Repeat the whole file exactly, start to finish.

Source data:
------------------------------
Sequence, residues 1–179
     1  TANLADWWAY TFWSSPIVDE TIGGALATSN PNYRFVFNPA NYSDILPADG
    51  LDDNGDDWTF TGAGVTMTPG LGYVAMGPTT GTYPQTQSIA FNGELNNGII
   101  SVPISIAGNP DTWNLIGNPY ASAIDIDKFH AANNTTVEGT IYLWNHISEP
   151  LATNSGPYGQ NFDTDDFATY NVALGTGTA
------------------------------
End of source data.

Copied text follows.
Sequence, residues 1–179
     1  TANLADWWAY TFWSSPIVDE TIGGALATSN PNYRFVFNPA NYSDILPADG
    51  LDDNGDDWTF TGAGVTMTPG LGYVAMGPTT GTYPQTQSIA FNGELNNGII
   101  SVPISIAGNP DTWNLIGNPY ASAIDIDKFH AANNTTVEGT IYLWNHISEP
   151  LATNSGPYGQ NFDTDDFATY NVALGTGTA